Peak calling using macs2?
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3.4 years ago
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I have paired end ChIP-seq data with 101 bp and 2 biological replicates for each one. I have done peak calling with macs2 but I have some questions about it.

I also faced with an warning:

WARNING @ Thu, 07 Jun 2018 17:06:05: #2 Since the d (197) calculated from paired-peaks are smaller than 2*tag length, it may be influenced by unknown sequencing problem!
WARNING @ Thu, 07 Jun 2018 17:06:05: #2 You may need to consider one of the other alternative d(s): 197
WARNING @ Thu, 07 Jun 2018 17:06:05: #2 You can restart the process with --nomodel --extsize XXX with your choice or an arbitrary number. Nontheless, MACS will continute computing.

1. I have added --nomodel --extsize 197 ; --nomodel --extsize 147 and --nomodel --extsize 202 (separately to macs2 command) and got the results without any warning? which one is more correct?

2. are broad peaks extended of narrow peaks? if I apply intersect between them i should expect find 100% overlap between narrow peaks and broad ones?

3. which kind of peak (narrow/broad) is proper for H3k27ac, H3k4me1, H3k4me3,H3k27me3 study?

4. if there is no control group for using as background, can I use default parameters?

Thanks for any suggestion, in advance!

macs2 ChIP-Seq Peak-calling peaks • 2.7k views
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(1) In my experience, I received this warning when my ChIP signal was not very strong. MACS2 called very few peaks, and it made sense when I checked out the bigwig files for my samples. There was very little difference between my input sample and IP sample.

(2) I believe broad peaks just combines nearby peaks into larger peaks.

(3) I'm not familiar with those factors but narrow peaks are appropriate if they bind in very specific places on the chromatin. Broad peaks are good if the factor binds to many locations and has less specificity.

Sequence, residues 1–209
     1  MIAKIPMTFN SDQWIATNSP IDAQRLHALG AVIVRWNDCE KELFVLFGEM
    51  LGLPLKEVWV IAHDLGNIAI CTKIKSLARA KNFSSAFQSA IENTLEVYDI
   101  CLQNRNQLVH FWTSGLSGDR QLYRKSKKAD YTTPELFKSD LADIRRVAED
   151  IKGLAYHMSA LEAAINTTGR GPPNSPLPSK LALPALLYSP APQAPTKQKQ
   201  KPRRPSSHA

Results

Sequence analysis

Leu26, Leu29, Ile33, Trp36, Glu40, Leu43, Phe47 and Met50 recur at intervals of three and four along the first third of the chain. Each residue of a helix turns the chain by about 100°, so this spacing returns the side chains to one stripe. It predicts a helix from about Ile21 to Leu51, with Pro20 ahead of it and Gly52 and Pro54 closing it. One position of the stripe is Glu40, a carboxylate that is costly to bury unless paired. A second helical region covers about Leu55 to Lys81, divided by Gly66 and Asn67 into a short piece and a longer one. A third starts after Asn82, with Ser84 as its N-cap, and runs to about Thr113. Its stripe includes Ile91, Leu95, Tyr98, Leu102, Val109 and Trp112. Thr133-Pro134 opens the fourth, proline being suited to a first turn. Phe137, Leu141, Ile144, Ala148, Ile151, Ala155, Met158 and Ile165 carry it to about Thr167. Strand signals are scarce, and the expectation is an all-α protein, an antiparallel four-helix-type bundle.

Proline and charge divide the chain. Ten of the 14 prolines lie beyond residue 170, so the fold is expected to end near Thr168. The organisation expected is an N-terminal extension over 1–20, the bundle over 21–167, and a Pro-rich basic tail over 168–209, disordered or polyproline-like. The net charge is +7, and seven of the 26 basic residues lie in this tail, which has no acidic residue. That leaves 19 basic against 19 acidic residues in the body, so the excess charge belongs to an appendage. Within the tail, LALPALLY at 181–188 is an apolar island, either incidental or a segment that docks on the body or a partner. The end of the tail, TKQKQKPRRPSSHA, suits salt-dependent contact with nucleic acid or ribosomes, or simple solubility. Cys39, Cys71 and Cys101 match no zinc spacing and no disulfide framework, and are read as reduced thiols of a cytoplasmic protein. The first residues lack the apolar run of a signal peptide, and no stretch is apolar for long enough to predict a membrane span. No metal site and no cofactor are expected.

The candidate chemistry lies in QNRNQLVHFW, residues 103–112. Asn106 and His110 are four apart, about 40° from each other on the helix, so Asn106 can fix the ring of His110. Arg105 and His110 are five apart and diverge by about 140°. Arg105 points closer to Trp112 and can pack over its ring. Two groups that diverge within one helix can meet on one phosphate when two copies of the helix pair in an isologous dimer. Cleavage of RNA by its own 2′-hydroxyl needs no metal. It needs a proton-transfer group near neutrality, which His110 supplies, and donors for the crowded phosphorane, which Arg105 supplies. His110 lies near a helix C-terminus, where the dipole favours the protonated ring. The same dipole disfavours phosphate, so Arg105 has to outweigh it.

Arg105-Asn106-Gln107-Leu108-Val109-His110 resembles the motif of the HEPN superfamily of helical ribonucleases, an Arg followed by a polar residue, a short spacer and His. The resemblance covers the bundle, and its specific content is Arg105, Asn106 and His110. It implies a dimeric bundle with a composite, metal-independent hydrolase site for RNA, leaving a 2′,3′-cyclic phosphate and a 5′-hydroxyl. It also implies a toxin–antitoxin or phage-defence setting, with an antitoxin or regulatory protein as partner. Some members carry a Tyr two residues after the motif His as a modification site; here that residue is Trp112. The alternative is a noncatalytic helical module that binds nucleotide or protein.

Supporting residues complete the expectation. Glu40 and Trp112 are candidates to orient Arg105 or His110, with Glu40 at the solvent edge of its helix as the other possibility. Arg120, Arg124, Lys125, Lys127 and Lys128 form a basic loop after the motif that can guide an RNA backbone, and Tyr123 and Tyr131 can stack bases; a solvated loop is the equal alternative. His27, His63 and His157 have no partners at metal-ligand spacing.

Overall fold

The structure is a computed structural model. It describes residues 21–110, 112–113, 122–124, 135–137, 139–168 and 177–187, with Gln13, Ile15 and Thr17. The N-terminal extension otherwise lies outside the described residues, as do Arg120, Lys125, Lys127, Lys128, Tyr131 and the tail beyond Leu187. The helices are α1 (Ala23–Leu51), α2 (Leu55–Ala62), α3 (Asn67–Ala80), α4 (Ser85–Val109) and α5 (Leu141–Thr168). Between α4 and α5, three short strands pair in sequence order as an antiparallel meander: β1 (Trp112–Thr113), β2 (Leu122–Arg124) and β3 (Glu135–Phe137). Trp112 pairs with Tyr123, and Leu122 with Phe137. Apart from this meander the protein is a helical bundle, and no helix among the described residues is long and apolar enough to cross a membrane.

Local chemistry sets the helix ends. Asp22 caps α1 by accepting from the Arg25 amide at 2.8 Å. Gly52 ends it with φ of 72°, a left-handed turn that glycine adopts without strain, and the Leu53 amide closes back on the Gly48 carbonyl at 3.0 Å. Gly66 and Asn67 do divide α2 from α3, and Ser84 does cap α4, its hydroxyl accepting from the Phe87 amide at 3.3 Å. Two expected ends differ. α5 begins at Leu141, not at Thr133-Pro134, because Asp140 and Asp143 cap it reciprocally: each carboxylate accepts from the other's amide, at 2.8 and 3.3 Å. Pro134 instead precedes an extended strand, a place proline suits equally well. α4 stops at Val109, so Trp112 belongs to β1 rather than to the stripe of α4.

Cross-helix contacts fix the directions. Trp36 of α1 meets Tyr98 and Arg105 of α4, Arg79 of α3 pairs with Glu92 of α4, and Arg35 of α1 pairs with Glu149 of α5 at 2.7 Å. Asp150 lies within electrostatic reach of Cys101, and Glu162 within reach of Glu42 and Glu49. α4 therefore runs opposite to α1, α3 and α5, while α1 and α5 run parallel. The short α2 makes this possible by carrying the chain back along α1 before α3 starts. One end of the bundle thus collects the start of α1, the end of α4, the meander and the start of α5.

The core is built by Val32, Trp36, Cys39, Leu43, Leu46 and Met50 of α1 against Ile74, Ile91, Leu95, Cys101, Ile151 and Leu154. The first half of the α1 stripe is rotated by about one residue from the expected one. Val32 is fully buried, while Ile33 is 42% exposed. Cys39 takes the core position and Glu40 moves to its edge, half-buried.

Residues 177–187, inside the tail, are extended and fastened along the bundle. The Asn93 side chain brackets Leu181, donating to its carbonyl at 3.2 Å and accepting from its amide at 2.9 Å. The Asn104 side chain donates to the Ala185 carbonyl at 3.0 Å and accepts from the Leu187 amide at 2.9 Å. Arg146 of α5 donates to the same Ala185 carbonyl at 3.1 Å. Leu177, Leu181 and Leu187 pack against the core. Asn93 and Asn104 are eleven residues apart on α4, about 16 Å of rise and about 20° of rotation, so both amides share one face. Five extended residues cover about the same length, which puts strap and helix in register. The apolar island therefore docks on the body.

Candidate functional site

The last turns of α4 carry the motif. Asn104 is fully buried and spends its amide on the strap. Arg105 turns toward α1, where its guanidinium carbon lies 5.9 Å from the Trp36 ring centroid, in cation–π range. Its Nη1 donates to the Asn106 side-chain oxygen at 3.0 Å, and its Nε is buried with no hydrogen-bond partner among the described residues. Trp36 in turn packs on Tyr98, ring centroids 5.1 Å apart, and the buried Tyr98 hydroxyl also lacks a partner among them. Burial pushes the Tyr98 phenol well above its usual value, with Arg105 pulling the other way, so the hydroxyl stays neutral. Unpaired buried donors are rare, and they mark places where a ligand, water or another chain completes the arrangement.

(4) I have never tried to call peaks without a control input sample. It's pretty important in ChIP-seq to provide background signal in some way.

Hope it helps

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Let me add my few cents,

1. Correct is something inconsistent. Just try to call peaks different --extsize and see how many peaks are overlaping with each other. A high percentage of peaks should overlap. (I did something like this last week when I saw the warning with my ChIP data and found large overlap, so I ignored that warning).

2. Most likely. But I never tested it. (@goodez is correct).

3. narrow peak will work fine. If the signal is spanned over a large region, those regions are also included in this peak file. Unless you are trying to associate peak length with some observations (e.g. like this), narrow peaks will be good enough.

4. I tested this a couple of times. Most of the times, I found all peaks called with background are overlaping with peaks called without background. But the other way around is not true. When you don't have a background, MACS will call too many peaks which are actually not peaks. A simple workaround would be to use a background of other sample if they belong to one condition.

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Hello star!

It appears that your post has been cross-posted to another site: https://bioinformatics.stackexchange.com/questions/4448

This is typically not recommended as it runs the risk of annoying people in both communities.

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3.4 years ago
EagleEye 7.1k
• For most of the transcription factors (TFs ChIP-seq) peaks are sharp/narrow and for histone peaks are spread/broader.

• If you plot the peaks over promoter region of genes, you will find that histone peaks getting deep drop at 1 to 3 bp region of TSS (center) due to nucleosome depletion/partial loss at TSS and nucleosome positioning over up- and downstream of promoter region for chromatin accessibility.

• TFs are usually enriched over promoters (-TSS+).

• It is important to use appropriate controls (example, Input DNA) for ChIP-seq analysis. The overrepresented regions due to sonication step during ChIP experiment can be avoided by using Input DNA as background.